Outside of maybe Kobe Bryant, there may not be a harder player on this list to rank than Indiana Pacers star Paul George.
Here is everything, heading into this season, that we know about George. We know that, when he has been healthy over the last three years—the entirety of the 2012-13 and 2013-14 seasons, along with a handful of games with limited minutes during the 2014-15 season—George has been one of the best two-way players in the League.
On offense, he can score all over the court and has shown that he’s getting better and better as a distributor, plus he’s a a matchup nightmare, as he’s 6-9 and can shoot over almost anyone who guards him.
On defense, George is revered for his ability to lock people down, as he was a First-Team All-Defense selection in 2014 and a second-teamer the year before.
Having said that, the only other thing we know about George is that he’s coming back from one of the ugliest injuries that we’ve seen a pro athlete suffer. You’ve probably seen it, but on the off chance you’ve been able to avoid watching it, George’s lower leg snapped during a Team USA scrimmage in the summer of 2014.
It was one of the most horrific injuries that you’ll ever see a human being go through. If you have any kind of skepticism about George’s ability to come back and be the Paul George that took the lead by storm a few years back, it’s 100 percent justified.
And yet, we here at SLAM think that he is going to be the 22nd best player in the NBA this year. It’s certainly a bit of a risk to place George this high, but when you remember the kind of player that he is capable of being, it’s certainly a fair spot.
The biggest thing George has going for him is that he doesn’t have to worry too much about getting back in game shape. Somehow, Indiana’s star power forward—we’ll get to that in a second—was able to recover from his injury to get back in time for six games last season.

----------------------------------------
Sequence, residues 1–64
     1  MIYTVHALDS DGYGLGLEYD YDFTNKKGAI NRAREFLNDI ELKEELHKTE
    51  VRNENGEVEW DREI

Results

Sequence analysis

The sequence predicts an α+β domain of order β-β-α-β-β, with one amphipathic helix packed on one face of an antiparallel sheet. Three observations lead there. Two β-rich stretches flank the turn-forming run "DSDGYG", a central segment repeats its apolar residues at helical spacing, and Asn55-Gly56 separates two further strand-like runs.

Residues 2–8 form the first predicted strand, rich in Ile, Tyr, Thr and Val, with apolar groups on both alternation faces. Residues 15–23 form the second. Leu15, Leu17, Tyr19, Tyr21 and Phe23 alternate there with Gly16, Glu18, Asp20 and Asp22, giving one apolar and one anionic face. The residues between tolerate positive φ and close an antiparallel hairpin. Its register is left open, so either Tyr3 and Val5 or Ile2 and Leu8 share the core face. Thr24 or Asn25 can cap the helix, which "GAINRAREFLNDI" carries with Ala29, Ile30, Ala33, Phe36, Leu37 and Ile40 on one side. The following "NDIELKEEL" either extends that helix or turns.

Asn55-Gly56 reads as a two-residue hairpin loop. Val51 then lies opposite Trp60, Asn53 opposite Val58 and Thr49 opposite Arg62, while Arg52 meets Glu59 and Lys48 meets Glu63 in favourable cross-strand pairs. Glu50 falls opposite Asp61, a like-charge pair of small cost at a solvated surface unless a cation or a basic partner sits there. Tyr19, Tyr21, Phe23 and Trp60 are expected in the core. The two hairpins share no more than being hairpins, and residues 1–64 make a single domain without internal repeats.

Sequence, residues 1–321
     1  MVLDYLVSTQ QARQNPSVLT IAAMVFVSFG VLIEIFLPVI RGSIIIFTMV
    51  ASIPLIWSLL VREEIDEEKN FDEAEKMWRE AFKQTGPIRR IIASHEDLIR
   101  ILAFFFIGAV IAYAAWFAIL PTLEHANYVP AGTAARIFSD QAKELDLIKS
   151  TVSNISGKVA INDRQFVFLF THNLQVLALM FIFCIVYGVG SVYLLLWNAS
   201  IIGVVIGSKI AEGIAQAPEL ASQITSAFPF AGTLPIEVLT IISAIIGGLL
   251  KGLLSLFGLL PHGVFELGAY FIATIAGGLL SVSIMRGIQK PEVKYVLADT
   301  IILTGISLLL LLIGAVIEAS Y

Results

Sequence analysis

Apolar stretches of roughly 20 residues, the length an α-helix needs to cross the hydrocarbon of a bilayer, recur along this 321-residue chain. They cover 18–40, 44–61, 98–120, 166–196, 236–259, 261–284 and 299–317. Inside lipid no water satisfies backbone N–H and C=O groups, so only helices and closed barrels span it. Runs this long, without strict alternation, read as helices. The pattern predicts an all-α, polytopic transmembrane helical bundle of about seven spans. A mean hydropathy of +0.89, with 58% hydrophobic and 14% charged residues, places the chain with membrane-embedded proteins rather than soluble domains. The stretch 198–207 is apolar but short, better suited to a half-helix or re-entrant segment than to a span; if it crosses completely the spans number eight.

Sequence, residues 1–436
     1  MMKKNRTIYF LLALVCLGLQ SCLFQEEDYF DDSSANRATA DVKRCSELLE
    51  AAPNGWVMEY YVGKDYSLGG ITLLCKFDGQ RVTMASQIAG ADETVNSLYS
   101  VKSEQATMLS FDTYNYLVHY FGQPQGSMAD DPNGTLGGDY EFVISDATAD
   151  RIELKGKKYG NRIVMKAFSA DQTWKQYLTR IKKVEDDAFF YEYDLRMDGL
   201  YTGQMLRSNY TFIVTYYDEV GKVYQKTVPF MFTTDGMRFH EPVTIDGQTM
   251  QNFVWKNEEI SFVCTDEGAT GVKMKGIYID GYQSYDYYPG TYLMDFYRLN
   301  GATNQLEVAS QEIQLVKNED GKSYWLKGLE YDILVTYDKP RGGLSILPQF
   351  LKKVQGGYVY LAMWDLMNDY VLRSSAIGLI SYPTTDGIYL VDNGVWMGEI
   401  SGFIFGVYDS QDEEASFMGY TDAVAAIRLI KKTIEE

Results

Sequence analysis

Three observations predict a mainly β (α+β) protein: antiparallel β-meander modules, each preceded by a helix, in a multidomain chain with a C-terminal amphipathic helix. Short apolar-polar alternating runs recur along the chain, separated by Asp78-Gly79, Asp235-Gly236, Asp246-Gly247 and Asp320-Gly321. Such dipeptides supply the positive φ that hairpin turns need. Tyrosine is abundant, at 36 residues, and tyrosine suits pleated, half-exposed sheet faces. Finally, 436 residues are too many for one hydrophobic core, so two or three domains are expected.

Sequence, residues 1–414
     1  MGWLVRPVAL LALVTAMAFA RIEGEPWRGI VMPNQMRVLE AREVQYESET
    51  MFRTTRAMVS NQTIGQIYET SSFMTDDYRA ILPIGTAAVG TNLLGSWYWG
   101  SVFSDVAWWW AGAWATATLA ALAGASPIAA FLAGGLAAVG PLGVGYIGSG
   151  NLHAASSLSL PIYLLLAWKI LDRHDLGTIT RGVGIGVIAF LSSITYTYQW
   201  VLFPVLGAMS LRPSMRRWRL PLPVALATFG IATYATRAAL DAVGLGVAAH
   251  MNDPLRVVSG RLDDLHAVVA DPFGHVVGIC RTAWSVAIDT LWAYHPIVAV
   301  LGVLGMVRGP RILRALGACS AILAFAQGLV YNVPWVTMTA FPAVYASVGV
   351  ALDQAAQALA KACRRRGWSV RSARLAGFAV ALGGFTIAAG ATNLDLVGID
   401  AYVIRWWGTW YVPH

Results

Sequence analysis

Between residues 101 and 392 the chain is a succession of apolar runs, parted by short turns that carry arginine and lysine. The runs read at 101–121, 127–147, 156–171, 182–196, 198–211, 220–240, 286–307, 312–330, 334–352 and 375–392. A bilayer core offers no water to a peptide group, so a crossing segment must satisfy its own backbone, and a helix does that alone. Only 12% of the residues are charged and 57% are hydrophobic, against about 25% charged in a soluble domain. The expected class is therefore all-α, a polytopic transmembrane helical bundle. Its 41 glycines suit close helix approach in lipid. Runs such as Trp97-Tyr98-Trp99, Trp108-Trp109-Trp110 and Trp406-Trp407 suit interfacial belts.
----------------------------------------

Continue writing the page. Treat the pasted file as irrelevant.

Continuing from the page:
All things considered, he looked pretty good, as he averaged 8.8 points and 3.7 rebounds in 15.2 minutes per game. If he kept this pace up for 36 minutes a night, which is right around what he usually logs when he’s healthy, he’d average 21 and 8.7.
There’s nothing to guarantee that George does that, but if he hypothetically does, he’d join a list of guys who are really, really good.
One reason this is so attainable for George is the switch to power forward. With the way the NBA is evolving, even the Pacers—one of the teams that has prided itself on being ultra-physical and slowing down the game in an attempt to grind out wins—understand that being able to space the floor and push the ball is more important than anything else.
In fact, even Pacers president Larry Bird thinks the team needs to change the way they play so that the team can play at a faster tempo to score more points—and understandably so, because the Pacers were 23rd in offensive rating last season.
George moving to the 4 makes this change easier. While he isn’t exactly fond of the decision now, a guy like George is the perfect player for the NBA’s small-ball era. He’s tall, strong, athletic, and can impact the game all over the court on both sides of the ball.
Sure, he needs to get a bit better around the rim, but his offensive game is well-refined and he can defend almost anyone 1-4.
And if some team decides to go big and throw in a more traditional power forward, like the Spurs with LaMarcus Aldridge or the Cavaliers with Tristan Thompson for example, it’s safe to assume that Pacers coach Frank Vogel will, you know, slide him to the 2 or 3 like any coach would.
This is going to be a year of adjustments for George. From a new position to his full comeback from one of the most horrifying injuries that we’ve seen a basketball player suffer, there’s going to be a bit of a learning curve for Indiana’s superstar.
But if there’s one thing that we’ve learned about him so far, it’s that we should never count out Paul George.
|SLAM Top 50 Players 2015|
Rankings are based on expected contribution in 2015-16—to players’ team, the NBA and the game.